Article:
The assay is said to be a rapid, qualitative, fluorescent immunoassay designed to simultaneously detect and differentiate Shiga toxin 1 and Shiga toxin 2 in a single test device
Meridian Bioscience has secured clearance from the US Food and Drug Administration (FDA) for its new Curian Shiga Toxin assay.
Designed for use with the Curian analyser, the Curian Shiga Toxin assay is said to be a rapid, qualitative, fluorescent immunoassay.
The US-based diagnostic testing solutions provider has developed the assay to simultaneously detect and differentiate Shiga toxin 1 (Stx1) and Shiga toxin 2 (Stx2) in a single test device.
It is designed to be used with cultures made from human stool samples to help diagnose illnesses caused by infections with Shiga toxin-producing E. coli (STEC), including non-O157 strains.
Meridian Bioscience diagnostics president Tony Serafini-Lamanna said: “We are excited to continue the expansion of the Curian platform with this highly sensitive and specific assay. Curian now features the broadest menu of GI tests on an immunoassay analyser.
“Curian Shiga Toxin has a market-leading three-step sample prep workflow and produces fast, objective results that can help laboratorians and clinicians provide an objective Shiga toxin diagnosis to get patients on the correct treatment and back on the road to wellness.”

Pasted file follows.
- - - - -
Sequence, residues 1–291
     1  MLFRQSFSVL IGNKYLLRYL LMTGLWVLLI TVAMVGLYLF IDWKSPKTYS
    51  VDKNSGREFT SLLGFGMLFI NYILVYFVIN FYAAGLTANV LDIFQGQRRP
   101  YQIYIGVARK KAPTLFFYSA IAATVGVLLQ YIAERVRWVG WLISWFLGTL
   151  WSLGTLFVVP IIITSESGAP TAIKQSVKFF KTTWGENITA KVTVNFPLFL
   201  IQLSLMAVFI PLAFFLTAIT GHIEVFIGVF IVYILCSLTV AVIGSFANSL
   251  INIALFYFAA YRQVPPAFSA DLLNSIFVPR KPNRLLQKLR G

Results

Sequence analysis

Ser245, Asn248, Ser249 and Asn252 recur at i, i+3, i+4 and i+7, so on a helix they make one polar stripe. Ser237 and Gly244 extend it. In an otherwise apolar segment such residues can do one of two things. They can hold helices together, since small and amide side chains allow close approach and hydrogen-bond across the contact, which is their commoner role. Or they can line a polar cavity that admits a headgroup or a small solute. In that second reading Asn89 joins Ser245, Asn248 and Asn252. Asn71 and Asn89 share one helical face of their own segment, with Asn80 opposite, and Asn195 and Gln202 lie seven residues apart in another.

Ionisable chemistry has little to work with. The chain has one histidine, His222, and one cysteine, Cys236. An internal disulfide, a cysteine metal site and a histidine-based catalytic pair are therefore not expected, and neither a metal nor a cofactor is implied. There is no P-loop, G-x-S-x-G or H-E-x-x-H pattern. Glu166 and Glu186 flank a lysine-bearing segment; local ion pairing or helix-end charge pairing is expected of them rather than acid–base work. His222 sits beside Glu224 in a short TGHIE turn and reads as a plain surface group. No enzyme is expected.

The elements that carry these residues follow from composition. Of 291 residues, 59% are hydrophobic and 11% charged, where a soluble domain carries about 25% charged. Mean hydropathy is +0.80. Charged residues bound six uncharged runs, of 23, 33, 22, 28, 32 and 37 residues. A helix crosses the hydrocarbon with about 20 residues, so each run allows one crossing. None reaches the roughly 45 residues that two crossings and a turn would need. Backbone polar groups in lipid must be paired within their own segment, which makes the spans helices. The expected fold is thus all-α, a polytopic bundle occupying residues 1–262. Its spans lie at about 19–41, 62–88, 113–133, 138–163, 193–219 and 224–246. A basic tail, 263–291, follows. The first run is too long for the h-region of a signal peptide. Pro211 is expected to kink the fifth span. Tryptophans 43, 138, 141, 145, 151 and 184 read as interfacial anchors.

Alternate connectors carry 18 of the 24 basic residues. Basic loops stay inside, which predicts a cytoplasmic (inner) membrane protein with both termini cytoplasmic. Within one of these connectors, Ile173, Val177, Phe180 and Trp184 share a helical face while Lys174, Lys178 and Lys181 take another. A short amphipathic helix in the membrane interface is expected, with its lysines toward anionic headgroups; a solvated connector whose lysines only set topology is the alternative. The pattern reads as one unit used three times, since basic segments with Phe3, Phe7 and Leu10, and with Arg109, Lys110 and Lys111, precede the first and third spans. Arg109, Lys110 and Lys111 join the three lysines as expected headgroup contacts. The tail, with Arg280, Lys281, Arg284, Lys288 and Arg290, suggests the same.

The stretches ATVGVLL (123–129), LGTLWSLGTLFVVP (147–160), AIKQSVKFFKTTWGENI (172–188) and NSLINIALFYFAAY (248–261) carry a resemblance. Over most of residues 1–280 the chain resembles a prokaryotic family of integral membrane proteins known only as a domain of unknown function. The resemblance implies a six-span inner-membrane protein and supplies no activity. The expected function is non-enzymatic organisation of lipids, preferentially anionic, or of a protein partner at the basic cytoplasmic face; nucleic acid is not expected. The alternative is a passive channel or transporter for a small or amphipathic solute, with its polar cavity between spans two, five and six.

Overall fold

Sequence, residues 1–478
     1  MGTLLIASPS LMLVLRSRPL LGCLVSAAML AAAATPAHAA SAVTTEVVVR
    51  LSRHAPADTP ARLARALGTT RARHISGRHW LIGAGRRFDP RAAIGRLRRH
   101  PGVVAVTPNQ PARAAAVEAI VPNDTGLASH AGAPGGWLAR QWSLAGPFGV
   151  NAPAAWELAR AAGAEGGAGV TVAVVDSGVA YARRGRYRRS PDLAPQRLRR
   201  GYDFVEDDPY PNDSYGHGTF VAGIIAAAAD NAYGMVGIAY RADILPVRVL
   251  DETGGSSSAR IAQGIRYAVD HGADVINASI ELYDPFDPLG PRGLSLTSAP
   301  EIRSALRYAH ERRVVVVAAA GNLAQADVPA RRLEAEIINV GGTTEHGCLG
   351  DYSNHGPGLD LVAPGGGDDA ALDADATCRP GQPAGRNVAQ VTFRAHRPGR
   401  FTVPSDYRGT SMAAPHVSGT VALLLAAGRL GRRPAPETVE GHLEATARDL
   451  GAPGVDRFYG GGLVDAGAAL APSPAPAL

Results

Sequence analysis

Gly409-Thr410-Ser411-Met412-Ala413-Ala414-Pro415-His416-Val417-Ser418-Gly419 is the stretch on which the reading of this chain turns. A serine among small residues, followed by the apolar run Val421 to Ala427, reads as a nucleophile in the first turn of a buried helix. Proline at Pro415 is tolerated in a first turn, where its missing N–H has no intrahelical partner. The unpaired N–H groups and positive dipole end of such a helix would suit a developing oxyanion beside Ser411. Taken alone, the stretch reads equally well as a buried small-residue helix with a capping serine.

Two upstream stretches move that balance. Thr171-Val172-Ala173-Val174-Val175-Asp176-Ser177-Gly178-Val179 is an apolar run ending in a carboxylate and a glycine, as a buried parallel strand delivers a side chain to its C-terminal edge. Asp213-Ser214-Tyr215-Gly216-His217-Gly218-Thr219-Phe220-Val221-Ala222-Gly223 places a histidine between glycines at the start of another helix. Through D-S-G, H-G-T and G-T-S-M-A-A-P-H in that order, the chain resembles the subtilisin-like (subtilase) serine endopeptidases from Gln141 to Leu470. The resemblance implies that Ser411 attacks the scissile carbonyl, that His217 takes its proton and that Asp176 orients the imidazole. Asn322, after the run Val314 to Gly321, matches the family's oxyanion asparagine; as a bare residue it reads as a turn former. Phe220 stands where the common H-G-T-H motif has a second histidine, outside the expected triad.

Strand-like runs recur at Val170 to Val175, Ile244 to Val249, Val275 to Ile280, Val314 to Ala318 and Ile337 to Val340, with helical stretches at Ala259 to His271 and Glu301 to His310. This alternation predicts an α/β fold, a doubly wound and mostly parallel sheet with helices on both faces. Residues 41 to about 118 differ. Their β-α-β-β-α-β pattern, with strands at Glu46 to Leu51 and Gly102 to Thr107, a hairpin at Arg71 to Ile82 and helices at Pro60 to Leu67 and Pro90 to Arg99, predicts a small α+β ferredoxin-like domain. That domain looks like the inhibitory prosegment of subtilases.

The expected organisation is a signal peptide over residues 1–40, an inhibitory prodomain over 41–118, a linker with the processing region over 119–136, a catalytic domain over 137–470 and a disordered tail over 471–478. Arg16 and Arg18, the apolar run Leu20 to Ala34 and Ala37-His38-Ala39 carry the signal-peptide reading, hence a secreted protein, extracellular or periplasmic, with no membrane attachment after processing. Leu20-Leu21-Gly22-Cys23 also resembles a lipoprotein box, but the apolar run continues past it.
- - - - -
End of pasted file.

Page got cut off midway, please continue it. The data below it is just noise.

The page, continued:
The new assay joins Curian HpSA and Curian Campy.
The diagnostic testing solutions provider is expanding its Curian diagnostic platform to maintain its position in the market for gastrointestinal disease testing.
Meridian Bioscience has added the Shiga Toxin assay to the Curian platform to expand its foodborne immunofluorescent testing capabilities beyond Campylobacter.
The Curian platform’s immunofluorescent technology offers an objective and quick Shiga toxin result with a clinical sensitivity of 100% (Stx1), 100% (Stx2), and specificity of 99.4% (Stx1), 99.5% (Stx2) in prospective samples.
The Curian Shiga Toxin assay has a lower limit of detection in comparison to conventional fast immunoassay testing.
When integrated with LIS connectivity, the Curian system reduces user variability related to interpreting and reporting visually-based lateral flow test findings in order to eliminate subjectivity.
In August last year, the company obtained the FDA’s emergency use authorisation (EUA) for its Revogene SARS-COV-2 molecular assay.